"I know nothing about women."
Translation:Non so niente di donne.
"Non so niente delle donne" worked for me. "... di donne" & "... delle donne" interchangeable?
"delle" is kind of a contraction of "of + the" so it adds the definite article, which is acceptable. I think it does, however, change the meaning slightly. "I know nothing about THE women" or "of the women" might be taken to mean a specific group of women rather than women in general. That is my understanding, but full disclaimer, I'm a beginner, as well.
me too would really appreciate an answer to this question, as it is really confusing which preposition is to be used at which place ...
When you use niente/nulla or nessuno you have to negate the verb as well, so "non so niente" rather than "so niente".
shouldn't 'non so niente circa donne' be accepted? if not then is it the same to say 'i know nothing about the women'
I wrote "non so niente su di donne" as I saw that construction earlier. Unfortunately I made a dumb mistake causing it not to be accepted, but I was wondering if "su di" is acceptable here.
No; "su di" is only commonly used before pronouns (e.g. su di me, on me) or sometimes before the indeterminate article (e.g. su di una collina, on a hill).
"Pressappoco", "circa" and "quasi", was on the hover. In what context do we use them?
Four years late, so I'm guessing you've figured this out by now, but I believe that "circa" and "quasi" mean "about" in the sense of "approximately": "It's about a five mile walk". (Circa actually has this same meaning in English, as well, as does quasi- as a prefix.)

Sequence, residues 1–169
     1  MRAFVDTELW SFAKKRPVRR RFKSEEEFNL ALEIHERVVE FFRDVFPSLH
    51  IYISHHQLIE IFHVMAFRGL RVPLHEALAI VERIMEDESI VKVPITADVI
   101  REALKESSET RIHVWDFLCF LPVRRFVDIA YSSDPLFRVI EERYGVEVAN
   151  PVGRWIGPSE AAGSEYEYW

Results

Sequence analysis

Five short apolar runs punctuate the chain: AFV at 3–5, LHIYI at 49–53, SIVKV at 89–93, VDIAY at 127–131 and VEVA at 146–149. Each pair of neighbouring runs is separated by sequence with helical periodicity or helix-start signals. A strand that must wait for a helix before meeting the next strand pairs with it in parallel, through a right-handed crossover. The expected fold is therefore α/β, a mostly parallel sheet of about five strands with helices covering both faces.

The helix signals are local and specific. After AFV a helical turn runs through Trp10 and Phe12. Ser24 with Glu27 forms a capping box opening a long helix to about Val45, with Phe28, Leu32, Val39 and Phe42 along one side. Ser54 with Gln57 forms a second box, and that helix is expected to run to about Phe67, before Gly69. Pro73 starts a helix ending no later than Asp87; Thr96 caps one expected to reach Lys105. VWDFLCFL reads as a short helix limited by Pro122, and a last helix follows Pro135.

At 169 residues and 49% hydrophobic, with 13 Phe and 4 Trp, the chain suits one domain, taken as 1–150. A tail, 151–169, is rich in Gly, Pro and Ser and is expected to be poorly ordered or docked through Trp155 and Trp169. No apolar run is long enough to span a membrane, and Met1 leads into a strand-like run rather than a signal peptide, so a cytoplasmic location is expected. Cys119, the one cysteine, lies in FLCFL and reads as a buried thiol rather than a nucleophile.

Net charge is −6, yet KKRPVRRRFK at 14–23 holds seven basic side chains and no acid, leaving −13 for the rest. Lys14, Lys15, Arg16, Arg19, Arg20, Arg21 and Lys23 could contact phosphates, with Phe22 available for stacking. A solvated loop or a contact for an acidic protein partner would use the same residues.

So while those are translations for "about", they're not quite right in this case where "about" means "relating to".
Because niente means anything/nothing based upon the way the verb is used (as in "non so" compared to "so") doesn't "non so niente di donne" mean "I don't know anything about women"? Wouldn't "So niente di donne" mean "I know nothing about women"?
Italian, like many other languages, has what's called negative concord. "Non so niente" is how they say it and "so niente" is considered ungrammatical or odd-sounding.
"Io non conosco di donne"? What's the difference between know and know again?
Sapere for abstract (thoughts, ideas), conoscere for objects. #notanexpert
I have seen no in Italian written as "no" as well as "non." Which one is the correct one?
What is the difference between so and conosco? I used conosco (and got it correct), though the translation it wanted was so. Is there no difference or is there something that we should know?
This is a difference that many European languages have, including German (kennen vs können) and Dutch, French (savoir vs connaître) and also Italian. Conosco mostly means "to be acquainted with, to have met" and in general is used for people. You use it for "know" in the sense "do you know that girl over there?" or "I don't know you". Also see this discussion on Duo: https://www.duolingo.com/comment/2088826
Why is ( non so ) correct And ( non lo so ) not
Thank you already for helping.